The results of a new study by Dutch scientists indicate that the world’s fresh water resources are running out.
According to the social reporter of Moj News Agency, the process of decreasing global water security in recent years has accelerated due to a combination of climate changes and increased water demand following the increase in population in the world, and water resources around the world are under the most serious threat since the beginning of humanity.
The lack of access of 60% of the world’s population to clean, healthy and standard drinking water, the decrease in rainfall, the drying of 75% of the world’s wetlands in the last 50 years, etc., all indicate this global decrease in water resources.
In this regard, a recent study by Dutch scientists at Utrecht University in the Netherlands has investigated the relationship between water consumption by different sectors and the prevalence of droughts and heat waves.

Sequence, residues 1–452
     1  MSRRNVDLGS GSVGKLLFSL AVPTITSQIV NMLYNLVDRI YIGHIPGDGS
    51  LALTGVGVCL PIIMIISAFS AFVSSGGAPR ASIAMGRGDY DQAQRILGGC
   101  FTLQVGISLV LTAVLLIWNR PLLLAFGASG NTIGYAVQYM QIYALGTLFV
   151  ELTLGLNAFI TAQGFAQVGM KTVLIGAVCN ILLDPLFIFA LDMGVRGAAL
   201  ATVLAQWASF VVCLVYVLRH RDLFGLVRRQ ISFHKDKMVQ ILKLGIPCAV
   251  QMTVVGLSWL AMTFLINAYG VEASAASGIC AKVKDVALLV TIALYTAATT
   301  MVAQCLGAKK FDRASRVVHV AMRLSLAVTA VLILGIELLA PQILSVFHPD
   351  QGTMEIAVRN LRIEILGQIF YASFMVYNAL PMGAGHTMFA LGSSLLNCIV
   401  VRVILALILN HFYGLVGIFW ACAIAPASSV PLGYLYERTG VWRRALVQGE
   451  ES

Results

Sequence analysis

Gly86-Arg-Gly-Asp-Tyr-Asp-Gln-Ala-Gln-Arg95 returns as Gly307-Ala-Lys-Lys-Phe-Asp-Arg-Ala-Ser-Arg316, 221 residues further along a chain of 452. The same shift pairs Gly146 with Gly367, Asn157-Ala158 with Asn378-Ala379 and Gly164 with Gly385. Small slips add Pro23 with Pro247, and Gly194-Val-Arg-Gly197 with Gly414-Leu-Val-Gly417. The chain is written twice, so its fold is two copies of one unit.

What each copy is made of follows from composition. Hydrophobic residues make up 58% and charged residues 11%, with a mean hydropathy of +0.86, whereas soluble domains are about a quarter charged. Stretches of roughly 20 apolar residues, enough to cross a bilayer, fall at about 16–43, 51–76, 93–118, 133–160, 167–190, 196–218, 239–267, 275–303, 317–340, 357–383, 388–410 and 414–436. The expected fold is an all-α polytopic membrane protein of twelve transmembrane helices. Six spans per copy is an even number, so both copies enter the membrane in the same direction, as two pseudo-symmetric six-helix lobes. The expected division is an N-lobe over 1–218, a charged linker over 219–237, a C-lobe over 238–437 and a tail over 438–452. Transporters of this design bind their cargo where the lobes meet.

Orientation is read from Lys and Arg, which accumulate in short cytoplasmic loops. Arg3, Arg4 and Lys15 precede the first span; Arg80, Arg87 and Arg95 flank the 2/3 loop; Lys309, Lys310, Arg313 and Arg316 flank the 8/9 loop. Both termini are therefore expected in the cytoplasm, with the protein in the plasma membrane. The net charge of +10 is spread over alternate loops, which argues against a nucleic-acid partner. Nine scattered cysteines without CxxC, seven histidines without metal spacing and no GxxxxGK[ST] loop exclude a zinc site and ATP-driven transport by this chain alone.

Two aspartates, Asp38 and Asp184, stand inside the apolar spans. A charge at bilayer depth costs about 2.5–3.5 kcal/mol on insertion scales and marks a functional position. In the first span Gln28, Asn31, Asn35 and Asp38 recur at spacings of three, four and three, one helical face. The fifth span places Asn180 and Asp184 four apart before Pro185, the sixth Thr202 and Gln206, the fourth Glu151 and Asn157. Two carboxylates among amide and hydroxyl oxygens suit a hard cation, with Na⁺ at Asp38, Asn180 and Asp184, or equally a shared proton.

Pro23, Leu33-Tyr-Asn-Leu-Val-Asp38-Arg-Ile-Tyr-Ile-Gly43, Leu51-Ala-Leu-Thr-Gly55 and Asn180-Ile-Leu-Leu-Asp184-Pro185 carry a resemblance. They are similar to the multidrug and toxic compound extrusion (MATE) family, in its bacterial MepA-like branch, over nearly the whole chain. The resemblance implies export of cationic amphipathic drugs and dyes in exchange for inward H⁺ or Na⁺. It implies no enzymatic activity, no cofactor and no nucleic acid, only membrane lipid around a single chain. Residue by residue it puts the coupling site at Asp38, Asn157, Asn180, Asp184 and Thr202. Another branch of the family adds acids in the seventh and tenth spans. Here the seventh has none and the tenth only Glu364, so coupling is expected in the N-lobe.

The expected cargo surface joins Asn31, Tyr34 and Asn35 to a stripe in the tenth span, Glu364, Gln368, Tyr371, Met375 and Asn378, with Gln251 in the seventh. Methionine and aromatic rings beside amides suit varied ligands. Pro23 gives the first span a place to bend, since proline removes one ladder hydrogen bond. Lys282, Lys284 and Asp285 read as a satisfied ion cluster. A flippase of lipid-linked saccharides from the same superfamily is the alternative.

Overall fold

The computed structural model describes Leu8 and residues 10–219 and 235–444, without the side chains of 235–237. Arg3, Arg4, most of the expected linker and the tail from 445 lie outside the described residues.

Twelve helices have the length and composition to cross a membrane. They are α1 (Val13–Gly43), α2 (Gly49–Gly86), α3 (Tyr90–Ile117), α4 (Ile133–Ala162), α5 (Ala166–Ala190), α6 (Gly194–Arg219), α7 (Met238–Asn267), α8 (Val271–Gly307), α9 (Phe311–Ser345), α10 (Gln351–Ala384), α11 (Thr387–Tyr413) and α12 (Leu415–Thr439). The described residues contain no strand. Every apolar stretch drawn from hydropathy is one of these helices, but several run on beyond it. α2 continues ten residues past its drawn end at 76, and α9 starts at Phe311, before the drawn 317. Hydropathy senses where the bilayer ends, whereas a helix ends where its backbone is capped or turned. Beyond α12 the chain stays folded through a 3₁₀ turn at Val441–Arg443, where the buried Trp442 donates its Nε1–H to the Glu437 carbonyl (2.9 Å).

The authors of this study say that the use of water for different sectors (such as irrigation, livestock, domestic, energy and production) is increasing due to the growth of the world population and economic development. In addition, the increase in the frequency and intensity of drought, heat wave, and combined drought-heat wave events will lead to a decrease in water availability and the aggravation of water shortage.
Also, the threat to water resources is not the same in all parts of the world, and this is the case in the Middle East and North Africa more than in other parts of the world.
“Extreme weather events have significantly changed water consumption habits around the world over the past thirty years,” said Gabriel Cárdenas Belza, lead author of the study. Also, socio-economic factors and incorrect water management programs have severely affected water resources.
Researchers warn that with the continuation of this trend, both natural and human sources, the world’s water resources will run out in the not-so-distant years. The solution is to reduce the consumption and correct management of water resources in accordance with climate changes and world conditions.